A meeting of citizens and stakeholders was held at the Mysore Grahakara Parishat (MGP) on Friday to discuss the latest government move to widen the road leading to Chamundi Hills where it was felt that the government must honour public opinion and stop vandalising the ecological hotspot. They have demanded a sustainable development of Chamundi Hills. Participants were unanimous in their view that Chamundi Hills, apart from being a religious place, was a unique gift of nature to Mysuru and had a great role in shaping the environmental conditions of the city.
Participants felt that any development plan should be based on the “carrying capacity” of the hill and its environs. Most of the government’s development programmes were propelled by vested interests and were mostly meant for benefitting a given group of business interests. Participants felt that the ‘development plan’ designed for Chamundi Hills was no different from this general trend.
When seen in the present context, (Kurubarahalli and other surrounding area land grab allegations around the hill the emphasis on converting the Krishnaraja Boulevard into a four-lane road despite damage to this heritage area and cutting down hundreds of century-old trees in the process, and the desire of the government to recreate a Tirupati on Chamundi Hills) it does not need a soothsayer to predict the dangerous future awaiting the abode of Chamundi. Grand development plan The Karnataka Chief Minister recently laid the foundation for a grand development plan on the top of the Chamundi Hills involving Rs 80 crore. It had in it a provision for shopping complex, multilevel parking, VIP guest houses, dormitories, canopy for queuing lines, toilets, etc. Interestingly the GO issued recently for widening of the road from City Circle to the Mahishasura Statue was not part of this grand plan, but an additional development plan to be executed by the PWD. Hence, the grand development plan when seen in this context meant total alteration of the top of the Chamundi Hill.
Setting aside the opinion of DCF, Mysuru Participants noted that the Deputy Conservator of Forests, Mysore, had refused permission to widen the road to Chamundi Hills both in 2012 and 2014. In Form A, Part II para 13 DCF stated: “The traffic density is very high near Mahishasura Statue on the hill top because of roadside shops and vehicle parking. A patch of revenue land is available close to statue and parking place. This may be acquired by user agency and the traffic may be regulated on the hill top itself rather than expanding the road on the downhill slope which may lead to soil erosion and landslides. Hence, the alternative measure for road extension may be taken up by the user agency rather than widening of the existing road in Chamundi Hill reserve forest”.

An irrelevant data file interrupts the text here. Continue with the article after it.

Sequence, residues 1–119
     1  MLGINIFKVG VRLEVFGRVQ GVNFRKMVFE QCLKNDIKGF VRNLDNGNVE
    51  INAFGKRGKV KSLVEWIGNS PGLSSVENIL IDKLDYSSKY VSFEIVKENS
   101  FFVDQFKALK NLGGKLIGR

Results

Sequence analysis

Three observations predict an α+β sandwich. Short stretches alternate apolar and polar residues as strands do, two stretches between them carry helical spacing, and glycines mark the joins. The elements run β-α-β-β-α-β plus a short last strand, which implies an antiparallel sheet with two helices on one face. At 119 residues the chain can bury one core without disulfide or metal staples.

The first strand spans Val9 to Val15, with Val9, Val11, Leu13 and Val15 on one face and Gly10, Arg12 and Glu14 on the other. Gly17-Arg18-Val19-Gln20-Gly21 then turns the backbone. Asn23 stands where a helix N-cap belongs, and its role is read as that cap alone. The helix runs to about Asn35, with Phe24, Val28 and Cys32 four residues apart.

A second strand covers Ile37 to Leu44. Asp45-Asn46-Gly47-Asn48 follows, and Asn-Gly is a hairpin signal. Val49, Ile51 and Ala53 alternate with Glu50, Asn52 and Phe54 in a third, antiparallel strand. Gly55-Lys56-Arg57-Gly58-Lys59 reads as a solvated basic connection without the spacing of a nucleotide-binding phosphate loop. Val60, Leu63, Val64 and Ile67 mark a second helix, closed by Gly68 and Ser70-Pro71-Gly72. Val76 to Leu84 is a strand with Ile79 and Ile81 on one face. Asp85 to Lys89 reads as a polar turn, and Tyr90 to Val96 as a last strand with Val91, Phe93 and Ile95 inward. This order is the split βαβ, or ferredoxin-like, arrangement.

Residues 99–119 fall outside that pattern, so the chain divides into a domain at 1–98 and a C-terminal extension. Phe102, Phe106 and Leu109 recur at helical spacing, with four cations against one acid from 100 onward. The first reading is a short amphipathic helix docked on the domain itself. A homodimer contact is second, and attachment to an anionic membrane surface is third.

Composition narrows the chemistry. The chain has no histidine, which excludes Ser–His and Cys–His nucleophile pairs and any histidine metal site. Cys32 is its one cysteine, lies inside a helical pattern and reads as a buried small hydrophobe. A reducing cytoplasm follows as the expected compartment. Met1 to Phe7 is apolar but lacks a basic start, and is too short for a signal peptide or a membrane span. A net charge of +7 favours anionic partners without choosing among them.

However, the Principal Chief Conservator of Forests, Bengaluru, in his note dated 09-10-2014 to Additional Chief Secretary to Government, Forests, Ecology and Environment, MS Building, Bengaluru, having partly quoted the Mysore DCF’s observations, proposed an alternative plan. The note stated: “It is recommended that the proposal for diversion of forest land for widening of road to a width of 5 metres with and additional width to take care of damages to adjacent land, etc. may be considered. The length of the proposed diversion is 1.4 kilometres.” It is obvious that the PCCF was trying to circumvent the restriction of less than 1 hectares forest land usage mandated under the relevant law. It is obvious that the honest opinion of the DCF Mysore was set aside may be under the pressure from the vested interests. Viable and sustainable development plan The participants suggested that the top of the Chamundi Hill should be bereft of any commercial and tourist activities. All the shops, other than catering to the puja activities, should be removed. The movement of private vehicles should be confined to a demarcated land at the foothills as is being done during the Aashada period. Electric buses should be put into use from there to the hill top. If need be, the proposed multilevel parking facility can be located at this demarcated land at the foothills. Example of Hampi is available wherein 2 kilometres area from Vijaya Vittala Temple is no private vehicle zone and only battery driven vehicles are to be used to as shuttle service.
Proposed actions to save Chamundi Hills
It was resolved to Create greater awareness among Mysureans regarding the damage that will be caused to the Chamundi Hills.
To hold a public meeting inviting environmentalists, industrialists and eminent citizens to air their views.
To appeal to National Green Tribunal to stop this destructive plan.
To file a Public Interest Litigation.